An acoustic exploring device for deriving a measurement for Δ t can be found in U.S. Pat. No. 3,231,041 granted to F. P. Kokesh on Jan. 25, 1966. An exploring device for obtaining the measure of the bulk density can be found in U.S. Pat. No. 3,321,625 granted May 23, 1967 to John F. Wall. An exploring device for obtaining resistivity measurements and measurements of the spontaneous potential can be found in U.S. Pat. No. 3,053,530 granted to G. Attali on July 1, 1969. An example of an exploring device for obtaining a neutron porosity log measurement can be found in U.S. Pat. No. 2,769,918 granted to C. W. Tittle on Nov. 6, 1956.

The neutron tool responds to the amount of hydrogen in the formation, and is essentially a record of the hydrogen atom density in the rocks surrounding the borehole. Liquid hydrocarbons have hydrogen indexes close to that of water and neutron measurements in these formations are primarily affected by porosity. Gas, however, usually has a considerably lower hydrogen concentration which varies with temperature and pressure. Therefore, when gas is present near enough to the borehole to be within its zone of investigation, a neutron log does not provide an accurate measure of formation porosity.

In addition to deriving a measure of formation porosity from the neutron tool, the bulk density and acoustic travel time measurements can also be converted to measurements of formation porosity. The bulk density measurement can be converted to a porosity measurement if the matrix density ρm and fluid densities ρf are known. The equation for converting this bulk density measurement to a porosity measurement is: ##EQU1## See pages 43 and 44, "Log Interpretation Principles," published by Schlumberger Limited, New York, New York 10017 which is incorporated herein by reference. Common values of ρ m for various formations are:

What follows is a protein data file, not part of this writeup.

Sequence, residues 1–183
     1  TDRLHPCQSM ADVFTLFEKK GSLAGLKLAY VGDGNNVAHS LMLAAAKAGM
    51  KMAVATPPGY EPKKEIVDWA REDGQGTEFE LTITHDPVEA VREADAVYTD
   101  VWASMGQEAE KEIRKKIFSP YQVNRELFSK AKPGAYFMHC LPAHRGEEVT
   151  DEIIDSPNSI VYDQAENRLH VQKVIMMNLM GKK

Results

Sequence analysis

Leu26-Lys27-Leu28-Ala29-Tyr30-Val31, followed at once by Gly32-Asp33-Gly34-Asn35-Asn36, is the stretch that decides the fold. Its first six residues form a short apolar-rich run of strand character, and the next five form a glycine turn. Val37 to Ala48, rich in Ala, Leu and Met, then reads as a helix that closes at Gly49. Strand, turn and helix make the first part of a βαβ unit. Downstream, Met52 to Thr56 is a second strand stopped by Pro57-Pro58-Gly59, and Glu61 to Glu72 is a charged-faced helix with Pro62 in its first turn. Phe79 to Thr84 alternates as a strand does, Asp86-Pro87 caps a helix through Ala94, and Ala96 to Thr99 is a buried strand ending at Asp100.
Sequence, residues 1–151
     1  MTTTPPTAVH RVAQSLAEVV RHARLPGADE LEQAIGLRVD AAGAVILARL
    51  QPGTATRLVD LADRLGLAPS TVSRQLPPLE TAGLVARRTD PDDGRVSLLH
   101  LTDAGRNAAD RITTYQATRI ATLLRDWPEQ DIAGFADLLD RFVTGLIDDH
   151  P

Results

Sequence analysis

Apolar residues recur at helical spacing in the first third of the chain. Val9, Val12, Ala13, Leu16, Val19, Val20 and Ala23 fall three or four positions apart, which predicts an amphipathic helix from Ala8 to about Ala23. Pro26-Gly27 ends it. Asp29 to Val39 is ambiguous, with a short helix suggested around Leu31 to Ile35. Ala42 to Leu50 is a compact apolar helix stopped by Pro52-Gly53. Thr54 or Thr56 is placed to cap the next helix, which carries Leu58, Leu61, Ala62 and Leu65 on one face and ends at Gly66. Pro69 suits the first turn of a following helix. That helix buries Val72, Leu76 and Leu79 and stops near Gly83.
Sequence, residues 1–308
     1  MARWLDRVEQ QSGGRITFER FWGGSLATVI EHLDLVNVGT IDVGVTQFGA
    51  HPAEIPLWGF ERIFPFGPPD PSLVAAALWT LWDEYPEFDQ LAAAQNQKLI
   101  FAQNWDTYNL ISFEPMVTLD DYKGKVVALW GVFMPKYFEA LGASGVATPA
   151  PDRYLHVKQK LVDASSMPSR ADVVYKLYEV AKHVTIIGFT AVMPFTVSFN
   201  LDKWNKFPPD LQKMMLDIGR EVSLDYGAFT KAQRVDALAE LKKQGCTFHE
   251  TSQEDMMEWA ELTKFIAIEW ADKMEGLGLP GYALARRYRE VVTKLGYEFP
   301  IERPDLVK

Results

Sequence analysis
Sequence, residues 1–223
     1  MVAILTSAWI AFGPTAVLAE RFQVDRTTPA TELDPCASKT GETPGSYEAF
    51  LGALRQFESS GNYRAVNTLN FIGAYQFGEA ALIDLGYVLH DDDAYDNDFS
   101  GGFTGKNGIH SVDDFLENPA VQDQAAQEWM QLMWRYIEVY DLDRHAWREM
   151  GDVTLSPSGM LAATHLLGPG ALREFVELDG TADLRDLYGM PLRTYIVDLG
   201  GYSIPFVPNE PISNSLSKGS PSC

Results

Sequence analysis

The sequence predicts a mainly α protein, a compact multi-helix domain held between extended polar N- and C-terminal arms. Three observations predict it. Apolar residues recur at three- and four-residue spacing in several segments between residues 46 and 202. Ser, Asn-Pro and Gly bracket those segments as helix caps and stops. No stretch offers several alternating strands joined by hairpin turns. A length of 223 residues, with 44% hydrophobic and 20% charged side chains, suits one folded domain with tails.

2.71 for limestone

2.87 for dolmite

In water sands, the fluid density ρ f is usually set equal to 1. However, in light hydrocarbon and gas bearing formations, the fluid density ρ f will be less than one, and thus the value of porosity φD derived from the density tool will be higher than the true porosity.

The acoustic travel time Δ t can also be converted to a measure of porosity provided the acoustic travel time of the rock matrix and fluid, Δtm and Δtf respectively are also known. The relationship of the acoustic or sonic derived porosity in terms of Δ t is: ##EQU2## See pages 36 and 37, "Log Interpretation Principles", heretofore mentioned.

The spontaneous potential measurement provided by the exploring apparatus 10 is the difference between the potential of an electrode on the exploring device and the potential of an electrode located at the surface of the earth. Opposite shale formation, spontaneous potential will usually remain fairly constant and thus tend to follow a straight line on the log, called the "Shale Base Line". Opposite permeable formations a spontaneous potential will show excursions from the shale base line. In thick permeable beds free of shale, the spontaneous potential will also reach an essentially constant value defined as the "Sand Line". For further information concerning the spontaneous potential measurement and its uses, see pages 7-12 of the referenced publication "Log Interpretation Principles".

In accordance with a copending patent application entitled Method and Apparatus for Investigating Subsurface Earth Formations, filed by Anderson et al on Oct. 5, 1973, Ser. No. 403,786, elastic constants or elastic modulii of the formation are computed using Poisson's ratio which, in turn, provide useful information regarding the strength of the formation.

Heretofore, Poisson's ratio could be determined in accordance with: ##EQU3## where: ν = Poisson's ratio